Professor Coleman Coker

with Associate Professor Chris Livingston

Arch 551

Townes Harvest Garden, MSU Bozeman

Fall 2010

During the fall semester of 2010, the School of Architecture was honored to have acclaimed architect Coleman Coker lead our visiting scholar's studio. The visiting scholar's studio is a graduate level studio taught during the fall semester by a design practitioner on a limited basis in which they come and go throughout the semester. The design problem for Coleman's studio was the design and construction of a small building for the Townes Harvest Garden, a program serving students in the Sustainable Foods and Bio-energy Major. The site of the project was the MSU Horticulture farm located on 10 acres on the west end of campus. The Horticulture farm serves a wide variety of academic and research users including Plant Science/Plant Pathology, Land Resources and Environmental Sciences as well as the Sustainable Foods and Bio-energy program.

With Coleman's direction, the studio of ten students began the semester by investigating natural patterns that were present at the Horticulture farm. Pattern drawings and models were then created which documented these natural patterns of the site and allowed the students an opportunity to understand the location of their design in a deep and meaningful manner. Additionally the students met with their client, David Baumbauer, the manager of the Horticulture farm to discuss the needs of the farm and identify possible projects. Through several discussions with David it was determined that a portable wash station was needed to initially wash vegetables harvested on the farm, allowing the resultant dirt and water to remain in the garden.Throughout the fall, the students worked both individually and as a group to determine the design and create drawings and models for construction.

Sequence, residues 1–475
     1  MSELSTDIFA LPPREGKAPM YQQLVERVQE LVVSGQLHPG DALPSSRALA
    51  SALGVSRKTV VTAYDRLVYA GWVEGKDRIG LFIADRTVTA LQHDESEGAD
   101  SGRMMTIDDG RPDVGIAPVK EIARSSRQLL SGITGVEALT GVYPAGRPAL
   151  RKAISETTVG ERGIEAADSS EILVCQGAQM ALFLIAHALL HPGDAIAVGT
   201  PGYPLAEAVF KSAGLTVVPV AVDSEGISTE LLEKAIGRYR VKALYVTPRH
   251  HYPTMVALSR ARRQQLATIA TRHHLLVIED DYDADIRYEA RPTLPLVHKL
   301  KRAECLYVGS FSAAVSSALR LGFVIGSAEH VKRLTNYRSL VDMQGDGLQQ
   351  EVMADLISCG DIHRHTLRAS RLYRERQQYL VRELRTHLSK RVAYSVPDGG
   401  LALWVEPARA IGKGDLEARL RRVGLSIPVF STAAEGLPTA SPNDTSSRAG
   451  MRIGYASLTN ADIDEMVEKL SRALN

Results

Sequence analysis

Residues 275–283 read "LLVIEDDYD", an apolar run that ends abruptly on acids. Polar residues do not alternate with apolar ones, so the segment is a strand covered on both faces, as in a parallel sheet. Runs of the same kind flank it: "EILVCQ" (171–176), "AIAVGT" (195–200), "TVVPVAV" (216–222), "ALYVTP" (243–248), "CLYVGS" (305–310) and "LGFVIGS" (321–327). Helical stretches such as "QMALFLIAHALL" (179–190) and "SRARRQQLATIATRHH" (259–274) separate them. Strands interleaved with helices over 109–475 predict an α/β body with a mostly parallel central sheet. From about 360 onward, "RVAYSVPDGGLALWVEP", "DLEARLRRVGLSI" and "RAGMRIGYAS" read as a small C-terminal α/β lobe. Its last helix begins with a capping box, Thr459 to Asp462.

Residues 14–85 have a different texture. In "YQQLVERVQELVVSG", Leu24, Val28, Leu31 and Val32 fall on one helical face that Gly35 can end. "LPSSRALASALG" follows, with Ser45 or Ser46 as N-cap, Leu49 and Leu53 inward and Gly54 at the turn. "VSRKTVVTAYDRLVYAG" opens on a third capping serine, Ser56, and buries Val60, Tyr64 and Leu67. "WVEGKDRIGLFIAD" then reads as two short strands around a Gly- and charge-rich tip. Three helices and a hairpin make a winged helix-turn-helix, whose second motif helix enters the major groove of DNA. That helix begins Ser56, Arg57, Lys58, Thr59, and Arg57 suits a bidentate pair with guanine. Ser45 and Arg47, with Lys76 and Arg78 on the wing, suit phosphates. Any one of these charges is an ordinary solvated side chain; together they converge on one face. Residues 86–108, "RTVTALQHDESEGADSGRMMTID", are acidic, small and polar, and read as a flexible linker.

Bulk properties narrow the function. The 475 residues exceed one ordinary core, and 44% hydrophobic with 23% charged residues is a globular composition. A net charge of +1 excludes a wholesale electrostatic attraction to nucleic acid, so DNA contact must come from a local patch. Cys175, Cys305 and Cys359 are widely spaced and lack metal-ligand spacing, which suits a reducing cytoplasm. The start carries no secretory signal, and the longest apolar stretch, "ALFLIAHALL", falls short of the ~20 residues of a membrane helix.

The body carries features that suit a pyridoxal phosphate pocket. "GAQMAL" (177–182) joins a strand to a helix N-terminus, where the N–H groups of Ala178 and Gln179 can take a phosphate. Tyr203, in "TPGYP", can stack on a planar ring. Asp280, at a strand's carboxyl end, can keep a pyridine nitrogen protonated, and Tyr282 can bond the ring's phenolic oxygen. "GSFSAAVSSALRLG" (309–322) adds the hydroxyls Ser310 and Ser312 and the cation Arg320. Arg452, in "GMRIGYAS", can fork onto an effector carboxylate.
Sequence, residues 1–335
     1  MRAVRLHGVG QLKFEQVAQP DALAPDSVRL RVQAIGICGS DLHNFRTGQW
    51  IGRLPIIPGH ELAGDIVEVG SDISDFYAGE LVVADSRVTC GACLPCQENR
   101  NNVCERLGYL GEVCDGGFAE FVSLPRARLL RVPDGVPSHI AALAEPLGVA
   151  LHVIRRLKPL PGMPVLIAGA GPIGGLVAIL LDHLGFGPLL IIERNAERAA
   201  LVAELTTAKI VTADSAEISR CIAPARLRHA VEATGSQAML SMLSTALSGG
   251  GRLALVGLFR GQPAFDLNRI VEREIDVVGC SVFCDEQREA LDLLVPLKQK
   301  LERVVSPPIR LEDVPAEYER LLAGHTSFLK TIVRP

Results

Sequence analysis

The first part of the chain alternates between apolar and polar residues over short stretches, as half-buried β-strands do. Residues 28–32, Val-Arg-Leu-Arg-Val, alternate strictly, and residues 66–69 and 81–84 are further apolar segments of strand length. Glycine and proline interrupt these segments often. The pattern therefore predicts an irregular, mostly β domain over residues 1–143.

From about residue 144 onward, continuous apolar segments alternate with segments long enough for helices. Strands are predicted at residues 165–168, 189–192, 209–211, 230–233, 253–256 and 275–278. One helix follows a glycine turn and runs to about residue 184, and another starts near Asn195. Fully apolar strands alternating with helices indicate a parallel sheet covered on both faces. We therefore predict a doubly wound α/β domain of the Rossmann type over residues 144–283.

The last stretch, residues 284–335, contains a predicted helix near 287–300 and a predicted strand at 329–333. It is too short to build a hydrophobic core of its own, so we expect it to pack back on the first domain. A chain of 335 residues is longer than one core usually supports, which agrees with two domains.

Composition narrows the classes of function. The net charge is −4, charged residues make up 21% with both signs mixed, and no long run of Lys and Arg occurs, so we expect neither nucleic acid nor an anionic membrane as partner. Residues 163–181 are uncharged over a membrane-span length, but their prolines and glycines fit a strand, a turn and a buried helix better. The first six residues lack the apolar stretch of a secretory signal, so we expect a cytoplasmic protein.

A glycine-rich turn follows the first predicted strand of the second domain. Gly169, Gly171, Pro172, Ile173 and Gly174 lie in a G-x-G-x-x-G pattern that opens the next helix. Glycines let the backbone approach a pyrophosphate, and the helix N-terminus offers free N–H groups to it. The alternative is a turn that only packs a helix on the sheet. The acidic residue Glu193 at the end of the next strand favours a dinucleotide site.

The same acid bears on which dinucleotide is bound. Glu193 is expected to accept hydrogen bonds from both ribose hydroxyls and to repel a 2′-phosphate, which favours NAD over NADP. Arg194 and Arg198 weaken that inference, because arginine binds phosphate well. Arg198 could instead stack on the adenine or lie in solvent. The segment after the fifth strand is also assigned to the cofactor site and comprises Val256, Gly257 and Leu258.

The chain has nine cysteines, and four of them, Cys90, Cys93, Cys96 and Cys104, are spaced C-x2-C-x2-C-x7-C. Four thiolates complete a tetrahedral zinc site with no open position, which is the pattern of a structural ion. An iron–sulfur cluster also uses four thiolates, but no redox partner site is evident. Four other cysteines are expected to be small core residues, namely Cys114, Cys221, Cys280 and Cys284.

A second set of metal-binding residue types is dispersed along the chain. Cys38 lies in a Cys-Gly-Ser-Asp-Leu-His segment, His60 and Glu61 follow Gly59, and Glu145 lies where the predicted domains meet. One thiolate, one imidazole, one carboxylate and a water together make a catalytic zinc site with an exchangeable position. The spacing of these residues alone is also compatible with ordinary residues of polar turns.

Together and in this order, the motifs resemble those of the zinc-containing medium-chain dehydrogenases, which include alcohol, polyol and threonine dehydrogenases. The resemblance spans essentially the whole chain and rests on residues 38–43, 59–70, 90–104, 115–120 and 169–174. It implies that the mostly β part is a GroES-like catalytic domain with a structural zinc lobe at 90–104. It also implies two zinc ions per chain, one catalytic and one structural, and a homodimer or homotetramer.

The design was reviewed by the MSU Facilities Department as well as by Professor Jerry Stephens of the Civil Engineering Department for structural integrity. Coleman's scheduled visits to Bozeman provided the students with the necessary guidance to stay on schedule and work through the more intricate design issues. Over the final five weeks of the semester the students worked in the wood and metal shop creating the tube steel frame and wood structure. In their design the students incorporated a number of reclaimed materials including wood from trees previously harvested on campus, hail damaged polycarbonate greenhouse sheeting as well as recycled greenhouse tabletop material used for the flooring. The project was largely fabricated at the School of Architecture and moved at the end of the semester to the Horticulture farm for final assembly. Funding for the project was donated by an anonymous donor.